Until I plucked it from an antique store in Moorhead, Minnesota last year, this copy of Gennett 5290 in its original sleeve had not traveled far from home. The stamp on the front shows that it was sold at West Piano Company on 4th Street in Moorhead, presumably 93 years or so before I bought it in the same town. That this sleeve and this record were originally paired is evidenced by the record's catalog number written on the two top corners of the front of the sleeve. They are written by two different hands - a store clerk and the original owner, perhaps? One of them also wrote the number on the back.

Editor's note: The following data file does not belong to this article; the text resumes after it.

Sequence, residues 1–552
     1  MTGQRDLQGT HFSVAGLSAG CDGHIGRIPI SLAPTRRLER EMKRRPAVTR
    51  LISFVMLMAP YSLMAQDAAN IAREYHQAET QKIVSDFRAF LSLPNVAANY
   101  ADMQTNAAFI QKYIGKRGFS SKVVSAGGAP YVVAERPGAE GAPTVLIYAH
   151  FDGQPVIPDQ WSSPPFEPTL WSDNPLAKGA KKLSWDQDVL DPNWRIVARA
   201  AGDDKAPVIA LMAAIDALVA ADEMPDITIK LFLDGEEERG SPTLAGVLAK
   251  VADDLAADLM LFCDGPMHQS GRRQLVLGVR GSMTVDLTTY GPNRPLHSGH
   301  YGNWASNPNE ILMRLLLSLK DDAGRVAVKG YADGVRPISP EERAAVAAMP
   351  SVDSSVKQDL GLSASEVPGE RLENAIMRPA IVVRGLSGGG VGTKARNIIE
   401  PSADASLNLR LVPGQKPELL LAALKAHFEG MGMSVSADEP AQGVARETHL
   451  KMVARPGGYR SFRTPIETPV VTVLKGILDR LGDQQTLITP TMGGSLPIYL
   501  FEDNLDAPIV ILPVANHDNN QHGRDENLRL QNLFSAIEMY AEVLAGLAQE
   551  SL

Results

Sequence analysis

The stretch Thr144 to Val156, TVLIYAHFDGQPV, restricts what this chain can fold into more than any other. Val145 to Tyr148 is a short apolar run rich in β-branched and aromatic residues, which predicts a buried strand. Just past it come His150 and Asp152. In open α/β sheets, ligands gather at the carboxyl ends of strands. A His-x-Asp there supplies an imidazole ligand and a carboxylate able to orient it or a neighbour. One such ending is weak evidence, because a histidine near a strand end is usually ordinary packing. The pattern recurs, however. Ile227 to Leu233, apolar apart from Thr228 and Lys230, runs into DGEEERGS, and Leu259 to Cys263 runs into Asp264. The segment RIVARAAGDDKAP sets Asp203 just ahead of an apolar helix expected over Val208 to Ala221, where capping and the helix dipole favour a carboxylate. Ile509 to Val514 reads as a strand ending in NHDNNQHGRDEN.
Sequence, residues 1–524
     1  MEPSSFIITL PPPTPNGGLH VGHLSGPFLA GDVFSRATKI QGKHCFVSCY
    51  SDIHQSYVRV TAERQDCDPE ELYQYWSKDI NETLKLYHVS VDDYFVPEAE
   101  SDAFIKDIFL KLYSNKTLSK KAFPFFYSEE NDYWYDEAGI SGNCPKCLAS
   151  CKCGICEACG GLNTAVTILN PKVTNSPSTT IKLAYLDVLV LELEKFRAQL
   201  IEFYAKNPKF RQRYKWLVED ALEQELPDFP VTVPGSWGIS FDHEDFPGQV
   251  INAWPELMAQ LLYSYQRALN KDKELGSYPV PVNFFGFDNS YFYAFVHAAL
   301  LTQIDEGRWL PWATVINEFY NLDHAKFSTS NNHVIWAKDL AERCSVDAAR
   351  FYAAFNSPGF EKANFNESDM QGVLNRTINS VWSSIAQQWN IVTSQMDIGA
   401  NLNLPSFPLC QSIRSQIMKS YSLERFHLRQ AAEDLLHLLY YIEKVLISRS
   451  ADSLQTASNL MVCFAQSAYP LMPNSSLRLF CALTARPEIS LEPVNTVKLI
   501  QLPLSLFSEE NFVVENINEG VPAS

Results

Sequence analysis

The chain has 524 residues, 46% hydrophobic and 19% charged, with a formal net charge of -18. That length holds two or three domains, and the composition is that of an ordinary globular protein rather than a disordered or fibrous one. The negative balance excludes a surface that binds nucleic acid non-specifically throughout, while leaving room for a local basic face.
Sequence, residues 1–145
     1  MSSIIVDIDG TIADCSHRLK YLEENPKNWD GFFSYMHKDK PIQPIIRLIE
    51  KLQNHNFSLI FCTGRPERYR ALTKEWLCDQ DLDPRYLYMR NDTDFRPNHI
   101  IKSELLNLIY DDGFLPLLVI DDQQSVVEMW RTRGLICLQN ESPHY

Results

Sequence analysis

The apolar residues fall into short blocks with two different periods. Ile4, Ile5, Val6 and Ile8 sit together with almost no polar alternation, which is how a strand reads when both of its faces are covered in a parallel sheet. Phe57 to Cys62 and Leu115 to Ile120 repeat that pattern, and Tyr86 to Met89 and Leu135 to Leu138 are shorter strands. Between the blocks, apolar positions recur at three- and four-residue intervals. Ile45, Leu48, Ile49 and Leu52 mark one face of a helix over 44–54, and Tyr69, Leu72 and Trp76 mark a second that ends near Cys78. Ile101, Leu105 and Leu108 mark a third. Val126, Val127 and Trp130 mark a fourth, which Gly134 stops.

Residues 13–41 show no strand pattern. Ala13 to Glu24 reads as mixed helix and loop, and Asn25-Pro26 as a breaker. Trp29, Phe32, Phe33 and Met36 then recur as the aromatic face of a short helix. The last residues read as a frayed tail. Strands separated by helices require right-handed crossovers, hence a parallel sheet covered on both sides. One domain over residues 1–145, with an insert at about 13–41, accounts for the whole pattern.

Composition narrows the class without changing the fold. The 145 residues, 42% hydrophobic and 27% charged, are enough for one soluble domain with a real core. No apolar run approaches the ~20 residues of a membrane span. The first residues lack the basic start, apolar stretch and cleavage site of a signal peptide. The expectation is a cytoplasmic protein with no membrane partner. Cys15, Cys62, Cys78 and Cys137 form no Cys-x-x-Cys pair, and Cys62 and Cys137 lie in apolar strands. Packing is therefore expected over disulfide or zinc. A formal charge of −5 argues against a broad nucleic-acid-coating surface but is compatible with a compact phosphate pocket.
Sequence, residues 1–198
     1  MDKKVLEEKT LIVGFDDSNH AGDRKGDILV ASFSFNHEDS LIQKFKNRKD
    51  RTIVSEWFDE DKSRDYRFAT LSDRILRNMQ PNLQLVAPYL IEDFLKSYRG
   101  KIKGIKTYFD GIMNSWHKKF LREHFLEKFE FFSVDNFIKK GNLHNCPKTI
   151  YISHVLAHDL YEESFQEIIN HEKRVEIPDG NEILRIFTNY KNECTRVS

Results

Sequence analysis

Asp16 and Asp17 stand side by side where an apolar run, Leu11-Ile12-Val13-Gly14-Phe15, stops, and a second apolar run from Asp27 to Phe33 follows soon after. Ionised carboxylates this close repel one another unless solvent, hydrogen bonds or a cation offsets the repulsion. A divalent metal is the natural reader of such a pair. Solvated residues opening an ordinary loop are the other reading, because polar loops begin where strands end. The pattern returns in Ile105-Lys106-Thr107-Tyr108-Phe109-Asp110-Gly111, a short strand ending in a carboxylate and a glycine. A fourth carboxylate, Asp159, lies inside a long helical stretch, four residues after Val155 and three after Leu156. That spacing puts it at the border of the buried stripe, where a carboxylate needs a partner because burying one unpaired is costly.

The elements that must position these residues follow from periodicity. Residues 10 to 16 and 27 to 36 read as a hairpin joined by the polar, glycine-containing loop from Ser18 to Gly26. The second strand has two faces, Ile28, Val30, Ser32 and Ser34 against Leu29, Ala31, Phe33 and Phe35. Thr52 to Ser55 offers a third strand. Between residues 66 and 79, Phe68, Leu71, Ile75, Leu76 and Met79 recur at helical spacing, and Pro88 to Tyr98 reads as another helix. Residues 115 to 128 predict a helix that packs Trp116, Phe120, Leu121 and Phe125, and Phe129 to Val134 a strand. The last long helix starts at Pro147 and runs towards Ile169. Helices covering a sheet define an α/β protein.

The record itself, by the studio dance band Gennett called Bailey's Lucky Seven, is not particularly interesting. But I love the sleeve, and love the fact that it has remained paired to "its" record for nearly a century. The most intriguing aspect is the listing of records on the back - not so much the selection "of special appeal" listed on the left: hymns, sermons, monologues, and light classics - but the "latest popular numbers" listed on the right. There is one pop/dance record listed, but the other four are hard-core jazz and blues. There's one of Jelly Roll Morton's seminal piano solos, as well as two records by the New Orleans Rhythm Kings, from the first racially integrated jazz recording session. I have one of those NORK records, and have thought about putting it into this sleeve, but decided that Gennett 5290 should stay with its original sleeve as long as I have it.